There’s no question that the mainstream music industry has been attempting to repackage funk through pop artists such as Pharrell Williams and Bruno Mars, but few groups have been able to channel the sharp percussion, blaring horns and tight rhythms that categorized the movement as seamlessly as the Grammy award-winning duo that make up Tuxedo.
Based on a partnership that began almost 10 years ago with the exchange of mixtapes, soul vocalist Mayer Hawthorne and veteran producer Jake One have combined their years of production, vocal, and composition experience into a ‘70s–inspired, self-titled debut album. Tuxedo combines the dance spirit of the funk era with modern sound engineering and DJ stylings to create a record that is as infectious as it is unique.
From its first track, Tuxedo’s emphasis on authentic funk percussion and modern synth rhythms make the album both deeply nostalgic and openly accessible. The album’s high production quality is no surprise considering One’s reputation as one of the most sought after producers on America’s west coast, boasting liner credits from hip-pop and rap artists including 50 Cent and Drake. One’s multi-instrumental, diverse creativity is pronounced in the catchy beats that characterize album tracks such as “Number One”, “Lost Lover” and “Tuxedo Groove”, all of which are coloured by strong synth and tight percussion backups.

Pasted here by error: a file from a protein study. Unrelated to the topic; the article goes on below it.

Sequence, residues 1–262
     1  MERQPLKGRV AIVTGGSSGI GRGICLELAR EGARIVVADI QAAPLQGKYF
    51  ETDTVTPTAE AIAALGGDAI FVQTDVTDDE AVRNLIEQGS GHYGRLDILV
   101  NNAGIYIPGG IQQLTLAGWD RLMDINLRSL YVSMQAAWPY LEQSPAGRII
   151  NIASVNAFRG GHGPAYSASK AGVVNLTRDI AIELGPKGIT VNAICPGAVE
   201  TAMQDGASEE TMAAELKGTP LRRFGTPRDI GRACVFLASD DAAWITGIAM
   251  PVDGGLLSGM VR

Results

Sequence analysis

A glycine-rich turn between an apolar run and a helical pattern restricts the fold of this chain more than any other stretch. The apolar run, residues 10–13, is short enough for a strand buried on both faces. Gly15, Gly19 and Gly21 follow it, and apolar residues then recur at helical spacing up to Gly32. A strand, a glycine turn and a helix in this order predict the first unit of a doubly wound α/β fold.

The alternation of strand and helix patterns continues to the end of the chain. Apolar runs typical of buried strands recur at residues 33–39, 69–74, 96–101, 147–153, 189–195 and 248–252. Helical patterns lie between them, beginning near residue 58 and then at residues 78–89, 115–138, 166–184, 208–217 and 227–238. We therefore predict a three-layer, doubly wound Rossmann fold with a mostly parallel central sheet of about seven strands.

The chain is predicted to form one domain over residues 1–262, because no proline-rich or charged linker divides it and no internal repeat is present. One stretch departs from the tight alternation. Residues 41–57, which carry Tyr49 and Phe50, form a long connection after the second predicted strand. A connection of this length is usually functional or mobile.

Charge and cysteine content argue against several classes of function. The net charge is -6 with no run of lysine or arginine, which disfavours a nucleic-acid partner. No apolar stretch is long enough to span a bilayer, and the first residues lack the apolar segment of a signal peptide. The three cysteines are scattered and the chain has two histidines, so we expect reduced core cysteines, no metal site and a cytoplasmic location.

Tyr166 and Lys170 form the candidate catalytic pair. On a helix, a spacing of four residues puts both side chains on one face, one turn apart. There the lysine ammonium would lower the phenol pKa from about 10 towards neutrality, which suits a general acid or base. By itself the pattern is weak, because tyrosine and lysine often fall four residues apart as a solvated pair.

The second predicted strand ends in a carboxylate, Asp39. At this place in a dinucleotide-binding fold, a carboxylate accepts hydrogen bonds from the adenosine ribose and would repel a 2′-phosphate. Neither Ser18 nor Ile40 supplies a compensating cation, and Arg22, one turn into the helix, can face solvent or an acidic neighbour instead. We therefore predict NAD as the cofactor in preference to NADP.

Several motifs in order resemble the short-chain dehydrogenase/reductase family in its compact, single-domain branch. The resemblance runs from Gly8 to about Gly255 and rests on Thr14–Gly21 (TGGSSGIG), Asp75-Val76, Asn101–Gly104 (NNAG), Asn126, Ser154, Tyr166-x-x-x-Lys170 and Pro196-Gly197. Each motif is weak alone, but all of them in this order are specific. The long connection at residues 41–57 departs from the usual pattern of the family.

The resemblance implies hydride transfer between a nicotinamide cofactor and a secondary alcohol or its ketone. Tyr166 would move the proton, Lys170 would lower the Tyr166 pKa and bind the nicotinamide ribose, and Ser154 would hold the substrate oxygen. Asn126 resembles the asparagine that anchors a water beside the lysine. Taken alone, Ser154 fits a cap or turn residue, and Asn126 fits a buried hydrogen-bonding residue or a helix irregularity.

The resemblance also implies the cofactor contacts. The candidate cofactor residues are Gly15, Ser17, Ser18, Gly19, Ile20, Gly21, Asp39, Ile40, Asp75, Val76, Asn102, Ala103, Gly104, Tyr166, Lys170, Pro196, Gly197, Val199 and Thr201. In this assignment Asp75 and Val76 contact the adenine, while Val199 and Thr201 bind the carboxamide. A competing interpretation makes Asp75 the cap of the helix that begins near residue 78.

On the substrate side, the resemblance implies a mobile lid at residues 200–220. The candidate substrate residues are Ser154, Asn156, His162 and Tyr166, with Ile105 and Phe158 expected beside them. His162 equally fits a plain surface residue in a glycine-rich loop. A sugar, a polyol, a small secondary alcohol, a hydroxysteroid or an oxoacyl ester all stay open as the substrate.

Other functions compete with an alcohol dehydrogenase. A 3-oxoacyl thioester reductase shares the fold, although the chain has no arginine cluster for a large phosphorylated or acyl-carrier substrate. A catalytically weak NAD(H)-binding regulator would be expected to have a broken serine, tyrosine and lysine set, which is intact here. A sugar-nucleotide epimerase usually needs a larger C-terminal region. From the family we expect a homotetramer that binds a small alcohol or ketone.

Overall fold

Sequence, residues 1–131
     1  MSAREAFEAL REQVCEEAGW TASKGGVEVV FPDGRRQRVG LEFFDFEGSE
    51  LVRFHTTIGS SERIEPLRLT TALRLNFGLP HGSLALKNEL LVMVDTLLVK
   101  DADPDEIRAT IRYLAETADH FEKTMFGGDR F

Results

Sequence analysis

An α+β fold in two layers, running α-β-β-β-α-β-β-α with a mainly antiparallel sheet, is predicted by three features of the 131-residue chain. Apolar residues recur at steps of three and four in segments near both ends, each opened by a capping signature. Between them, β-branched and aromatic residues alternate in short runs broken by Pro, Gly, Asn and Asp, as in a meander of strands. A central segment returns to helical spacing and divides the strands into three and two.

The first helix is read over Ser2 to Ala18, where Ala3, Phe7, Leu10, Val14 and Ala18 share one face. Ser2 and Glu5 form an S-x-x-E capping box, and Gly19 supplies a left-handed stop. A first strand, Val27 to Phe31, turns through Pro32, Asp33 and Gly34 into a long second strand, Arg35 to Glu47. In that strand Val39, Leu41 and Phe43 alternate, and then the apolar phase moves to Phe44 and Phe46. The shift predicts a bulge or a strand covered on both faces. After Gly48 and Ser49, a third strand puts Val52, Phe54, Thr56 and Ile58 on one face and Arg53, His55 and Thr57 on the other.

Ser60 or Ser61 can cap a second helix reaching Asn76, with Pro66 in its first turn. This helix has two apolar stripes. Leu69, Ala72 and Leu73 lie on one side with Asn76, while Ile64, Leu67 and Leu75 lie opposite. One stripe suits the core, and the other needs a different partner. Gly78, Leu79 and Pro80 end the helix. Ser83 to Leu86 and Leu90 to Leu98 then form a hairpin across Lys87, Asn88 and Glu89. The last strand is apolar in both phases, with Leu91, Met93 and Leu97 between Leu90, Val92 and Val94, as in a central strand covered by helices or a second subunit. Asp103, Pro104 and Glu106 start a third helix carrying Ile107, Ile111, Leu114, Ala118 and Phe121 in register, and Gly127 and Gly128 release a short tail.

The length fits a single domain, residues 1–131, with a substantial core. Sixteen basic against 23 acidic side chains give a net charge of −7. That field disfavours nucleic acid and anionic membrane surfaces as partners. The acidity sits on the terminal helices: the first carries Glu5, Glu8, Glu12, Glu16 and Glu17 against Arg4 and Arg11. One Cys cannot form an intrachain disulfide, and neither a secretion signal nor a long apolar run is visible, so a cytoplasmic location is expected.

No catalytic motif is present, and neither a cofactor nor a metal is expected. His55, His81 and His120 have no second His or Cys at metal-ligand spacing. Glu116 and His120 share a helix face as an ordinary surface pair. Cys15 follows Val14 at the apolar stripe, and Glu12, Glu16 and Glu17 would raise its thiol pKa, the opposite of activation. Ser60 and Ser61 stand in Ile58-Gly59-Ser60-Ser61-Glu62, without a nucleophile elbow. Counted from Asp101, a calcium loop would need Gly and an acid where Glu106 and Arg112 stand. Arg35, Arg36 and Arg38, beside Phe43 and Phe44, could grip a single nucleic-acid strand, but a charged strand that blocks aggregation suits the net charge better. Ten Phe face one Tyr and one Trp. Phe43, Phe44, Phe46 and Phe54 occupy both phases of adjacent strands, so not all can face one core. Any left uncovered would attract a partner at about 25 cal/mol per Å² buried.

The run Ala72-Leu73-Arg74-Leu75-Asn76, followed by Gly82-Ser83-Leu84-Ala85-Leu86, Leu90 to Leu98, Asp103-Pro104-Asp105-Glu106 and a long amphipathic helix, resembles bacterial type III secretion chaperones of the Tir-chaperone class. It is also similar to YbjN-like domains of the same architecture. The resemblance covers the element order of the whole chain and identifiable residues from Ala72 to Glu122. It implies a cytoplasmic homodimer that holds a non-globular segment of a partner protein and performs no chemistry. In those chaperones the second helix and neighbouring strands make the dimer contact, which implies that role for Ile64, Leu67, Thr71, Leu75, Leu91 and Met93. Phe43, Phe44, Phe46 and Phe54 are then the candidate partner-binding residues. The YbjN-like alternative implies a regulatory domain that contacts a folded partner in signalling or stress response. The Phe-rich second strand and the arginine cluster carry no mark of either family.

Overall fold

Mayor Hawthorne’s soulful vocals shine through as the perfect backseat complement to One’s beats and instrumentals. Little imagination was put into the album’s vocal arrangement or lyrics, but their catchy, repetitive nature stay true to the record’s ‘70s inspiration.
Along with the creativity of the album is a playful, almost goofy commentary on the sultry nature of classic funk. This good natured humour paints the lyrics of tracks such as “Roll Along” and “Get U Home” which conjure up images of the smoky lounges and pastel-suited wedding bands that epitomised the funk era as much as the club-packing headliners.
Driving the satire home is the album’s final track, “Number One”, which is inspired by samples from Snoop Dogg’s raunchy 1993 track, “Ain’t No Fun.” With new lyrics and quiet horns, Tuxedo miraculously transforms the early rap single into a feel-good, pop-funk romance track. If that’s not imagination, nothing is.
It is this humorous honesty that keeps the album from falling into the trap of attempting to mimic the work of ‘70s staples such as Earth, Wind and Fire and the Commodores. Tuxedo is not attempting to join the Funk Hall of Fame: instead, the duo has sampled decade old styling while tying in their own hip-pop and soul backgrounds to make something danceable, fresh, and undeniably unique.